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Amazon (Business Strategy) Free essay! Download now

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Amazon (Business Strategy)

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The Report discusses how successful Amazon's strategy for the external environment. Critical Success Factors for Developing an e-Business Strategy.


Critical Success Factors for Developing an e-Business Strategy

e-Business is the new, leading edge of electronic commerce. Organizations are using e-business
applications such as enterprise resource planning, customer relationship management and e-procurement
to transform traditional businesses into e-businesses. As organizations pursue an e-business strategy what
are the five or six most important factors to consider? What are the opportunities? What are the threats?
Answering these questions is the primary purpose of this paper. First, e-business is defined and placed in
an historical context with its evolution through the electronic commerce concept. Then six critical success
factors for developing e-business strategy are discussed and mini-case studies are used to illustrate their
application in real businesses.
What is e-Business?
In the beginning there was EDI. Electronic data interchange electronic transmission of commercial
information between two trading partners was the original e-commerce application However, EDI was
technologically primitive, required complex standards to implement and was limited to organizations with
pre-existing agreements.
In the mid-1990's, electronic commerce emerged as a term that was EDI as well as open buying and
selling on electronic networks. For example, the Computer Desktop Encyclopedia (1995) defined
electronic commerce as "Doing business on-line. It includes purchasing products via on-line services and
the Internet as well as electronic data interchange (EDI), in which one company's computer queries and
transmits purchase orders to another company's computer." Similarly, a short definition of electronic
commerce that was widely used at this time was "The buying and selling of information, products and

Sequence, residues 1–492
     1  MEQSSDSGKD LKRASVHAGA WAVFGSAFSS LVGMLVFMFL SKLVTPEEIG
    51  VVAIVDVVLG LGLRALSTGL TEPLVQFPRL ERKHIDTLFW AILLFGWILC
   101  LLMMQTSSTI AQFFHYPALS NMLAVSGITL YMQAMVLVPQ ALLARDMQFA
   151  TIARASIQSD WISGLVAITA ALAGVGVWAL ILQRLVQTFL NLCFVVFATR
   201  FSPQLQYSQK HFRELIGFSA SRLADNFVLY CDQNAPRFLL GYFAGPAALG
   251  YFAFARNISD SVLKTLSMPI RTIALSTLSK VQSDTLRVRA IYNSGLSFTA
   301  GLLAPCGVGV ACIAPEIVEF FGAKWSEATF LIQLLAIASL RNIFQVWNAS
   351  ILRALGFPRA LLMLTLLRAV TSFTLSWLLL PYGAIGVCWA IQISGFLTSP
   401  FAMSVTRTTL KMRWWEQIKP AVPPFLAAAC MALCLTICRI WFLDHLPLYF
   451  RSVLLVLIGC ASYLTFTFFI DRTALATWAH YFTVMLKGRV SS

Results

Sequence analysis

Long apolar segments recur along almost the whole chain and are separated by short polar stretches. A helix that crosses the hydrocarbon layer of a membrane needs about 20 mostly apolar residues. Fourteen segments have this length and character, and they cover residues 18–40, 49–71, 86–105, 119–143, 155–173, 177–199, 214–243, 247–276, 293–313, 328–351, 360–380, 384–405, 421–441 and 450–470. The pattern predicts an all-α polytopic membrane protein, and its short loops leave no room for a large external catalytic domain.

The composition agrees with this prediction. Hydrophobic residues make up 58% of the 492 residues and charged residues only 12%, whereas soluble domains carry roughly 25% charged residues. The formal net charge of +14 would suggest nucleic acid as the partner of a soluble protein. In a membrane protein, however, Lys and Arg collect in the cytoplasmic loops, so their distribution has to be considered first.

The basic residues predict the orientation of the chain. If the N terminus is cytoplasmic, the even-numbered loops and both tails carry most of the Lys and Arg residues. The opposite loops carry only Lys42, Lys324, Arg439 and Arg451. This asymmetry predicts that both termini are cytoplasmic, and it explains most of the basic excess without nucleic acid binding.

services via computer networks" (Kalakota and Whinston, 1996, p. 1).
In a 1997 marketing campaign IBM introduced the term e-business as "how network technologies can be
used to transform key business processes conducted both within an organization, and externally with its
customers, partners, stakeholders and suppliers. An element of e-business is e-commerce, which IBM
defines more narrowly, as commercial transactions over the Internet only" (Wagstaff, 1997).
Some authors have adopted this perspective. For example, "e-business, in addition to encompassing ecommerce,
includes both front- and back-office applications that form the engine for modern business . . .
. e-Business is the overall strategy, and e-commerce is an extremely important facet of e-business"
(Kalakota and Robinson, 1999, p. 4). Similarly:
The term electronic commerce is restricting, however, and does not fully encompass the true
nature of the many types of information exchanges occurring via telecommunication
devices. The term electronic business also includes the exchange of information not related
to the actual buying and selling of goods. Increasingly businesses are using electronic
mechanisms to distribute information and provide customer support. These activities are not
"commerce" activities; they are "business" activities. Thus the term electronic business is
broader and may eventually replace the term electronic commerce. (Greenstein and
Feinman, 1999, p. 2)
Others reject this separation of the concepts. Years before IBM promoted ...

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